Does your exercise routine live and die by the treadmill? Does your workout consist of an hour on the elliptical? While you can’t ignore the positive impact aerobic exercise has on your health, it may not be the dream weight-loss solution you hope for.
“It seems an awful lot of people walk, jog, run and cycle on a regular basis, hoping the time spent on the treadmill, bike or trail will equate to drastic weight loss results,” says Paul Kriegler, registered dietitian and nutrition program manager for Life Time Fitness. “There’s a fair amount of research on how much cardio is best for realizing health benefits, but there are a few factors that could be compromising those benefits for you.”
You’re doing cardio, but moving less throughout the rest of the day.
Think about this: you wake up early, get to your health club and work hard for a solid hour, spinning your legs until they feel like jelly. A puddle of sweat surrounds your bike, and your heart rate monitor says you burned 950 calories. That’s great, until later on, you forgo your normal walking break because you feel too worn out. And later that evening, you catch a nap before dinner rather than walking the dog or mowing the lawn. People often justify inactivity in the hours after a strenuous workout. Most experts recommend getting the majority of your movement throughout the day instead of condensing it into one particular segment.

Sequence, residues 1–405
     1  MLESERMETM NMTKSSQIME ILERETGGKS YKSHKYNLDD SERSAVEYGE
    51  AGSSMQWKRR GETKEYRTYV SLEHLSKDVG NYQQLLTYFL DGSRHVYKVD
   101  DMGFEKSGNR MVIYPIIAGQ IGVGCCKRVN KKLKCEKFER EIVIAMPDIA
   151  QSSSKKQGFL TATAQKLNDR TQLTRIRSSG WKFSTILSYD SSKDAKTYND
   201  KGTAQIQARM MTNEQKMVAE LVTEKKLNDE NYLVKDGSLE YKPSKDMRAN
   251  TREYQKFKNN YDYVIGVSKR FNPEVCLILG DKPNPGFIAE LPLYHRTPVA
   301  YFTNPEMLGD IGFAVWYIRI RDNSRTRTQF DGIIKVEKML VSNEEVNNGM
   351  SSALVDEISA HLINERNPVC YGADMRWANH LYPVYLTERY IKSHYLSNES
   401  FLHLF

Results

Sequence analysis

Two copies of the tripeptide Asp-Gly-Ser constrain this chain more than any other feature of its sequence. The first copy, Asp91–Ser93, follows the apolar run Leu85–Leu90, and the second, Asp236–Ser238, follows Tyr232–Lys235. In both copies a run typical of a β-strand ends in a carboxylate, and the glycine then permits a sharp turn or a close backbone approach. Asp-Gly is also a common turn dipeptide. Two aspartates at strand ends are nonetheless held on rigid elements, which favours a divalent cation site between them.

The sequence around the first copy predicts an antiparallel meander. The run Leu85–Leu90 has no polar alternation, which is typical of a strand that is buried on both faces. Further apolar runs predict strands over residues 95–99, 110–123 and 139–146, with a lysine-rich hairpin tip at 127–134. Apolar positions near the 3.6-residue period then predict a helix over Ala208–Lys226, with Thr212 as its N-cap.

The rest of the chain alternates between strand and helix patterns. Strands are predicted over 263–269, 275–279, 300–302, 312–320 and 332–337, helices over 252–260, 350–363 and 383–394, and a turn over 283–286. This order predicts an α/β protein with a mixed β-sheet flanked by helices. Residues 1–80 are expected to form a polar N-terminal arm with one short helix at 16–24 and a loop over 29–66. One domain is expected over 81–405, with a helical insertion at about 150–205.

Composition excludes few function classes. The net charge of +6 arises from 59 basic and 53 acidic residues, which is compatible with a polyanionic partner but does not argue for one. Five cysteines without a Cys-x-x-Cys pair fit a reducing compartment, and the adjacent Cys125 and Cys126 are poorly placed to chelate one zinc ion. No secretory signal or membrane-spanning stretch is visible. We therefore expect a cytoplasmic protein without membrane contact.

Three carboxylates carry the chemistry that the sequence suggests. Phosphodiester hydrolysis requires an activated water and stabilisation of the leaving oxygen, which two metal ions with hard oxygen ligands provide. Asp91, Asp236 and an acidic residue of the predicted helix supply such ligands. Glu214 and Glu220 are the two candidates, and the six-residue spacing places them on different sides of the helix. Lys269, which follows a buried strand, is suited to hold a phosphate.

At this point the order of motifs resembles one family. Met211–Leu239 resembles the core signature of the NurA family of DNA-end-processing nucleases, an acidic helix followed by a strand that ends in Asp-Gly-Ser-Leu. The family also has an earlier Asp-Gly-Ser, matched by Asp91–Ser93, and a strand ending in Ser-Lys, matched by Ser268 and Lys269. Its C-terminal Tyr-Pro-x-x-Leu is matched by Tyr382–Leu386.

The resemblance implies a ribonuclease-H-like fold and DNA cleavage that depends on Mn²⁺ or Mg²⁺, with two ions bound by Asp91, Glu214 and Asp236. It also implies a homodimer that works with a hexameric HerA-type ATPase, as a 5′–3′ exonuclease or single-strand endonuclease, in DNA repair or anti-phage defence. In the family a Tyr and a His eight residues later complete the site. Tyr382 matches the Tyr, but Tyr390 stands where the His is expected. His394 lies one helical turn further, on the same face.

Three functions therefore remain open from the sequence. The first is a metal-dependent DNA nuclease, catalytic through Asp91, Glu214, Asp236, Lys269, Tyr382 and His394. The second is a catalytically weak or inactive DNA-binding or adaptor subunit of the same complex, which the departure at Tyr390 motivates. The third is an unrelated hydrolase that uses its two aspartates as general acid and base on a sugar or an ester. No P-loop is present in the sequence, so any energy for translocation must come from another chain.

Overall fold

You’re doing too much cardio.
The health benefits of cardiovascular training appear to begin after around 30 minutes of moderate intensity four to five days per week, totaling around 150 minutes. When it comes to cardio, more isn’t always better, especially if you don’t give your body time to recover. According to an article titled “Effect of the volume and intensity of exercise training on insulin sensitivity,” published in the September, 2013 edition of the Journal of Applied Physiology, opting for long, frequent sessions is often less effective than shorter, higher intensity. Doing long sessions of cardio — more than 60 minutes — is rarely necessary unless you’re training for a specific event. Another observational study of recreational joggers suggest you’re better off capping your strict cardio time at 30 minutes and including several days per week of resistance training.
You think cardio means “I get to eat extra calories without consequence.”
While exercising to burn off some energy may give you a little room for forgiveness, exercising to prepare for or undo poor eating habits doesn’t guarantee you results. In fact, according to a study in PubMed, large amounts of cardio training have been shown to induce compensatory eating patterns, especially in women. It’s easy to get into this mindset, but exercise is far more than just a way to expend calories. Well-planned, properly executed bouts of activity can stimulate your body to go through incredible changes, but not if you’re using food as a reward.
All your cardio sessions are the same.
Cardio can be helpful for getting a little solitude or zone out time, but doing the same workout every day when you’re looking for results is definitely not the answer. A good exercise program incorporates variability from one workout to the next. Your body has a few major energy systems, and they all need to be challenged over time. Try an Active Metabolic Assessment from Life Time to scientifically determine your most efficient heart rate zones so you can exercise smarter.
Cardiovascular exercise may promote a positive mood, better cognitive function and reduce diabetes risk, but only if you do it right. Take these factors into consideration the next time you lace up your gym shoes and hop on the nearest cardio machine.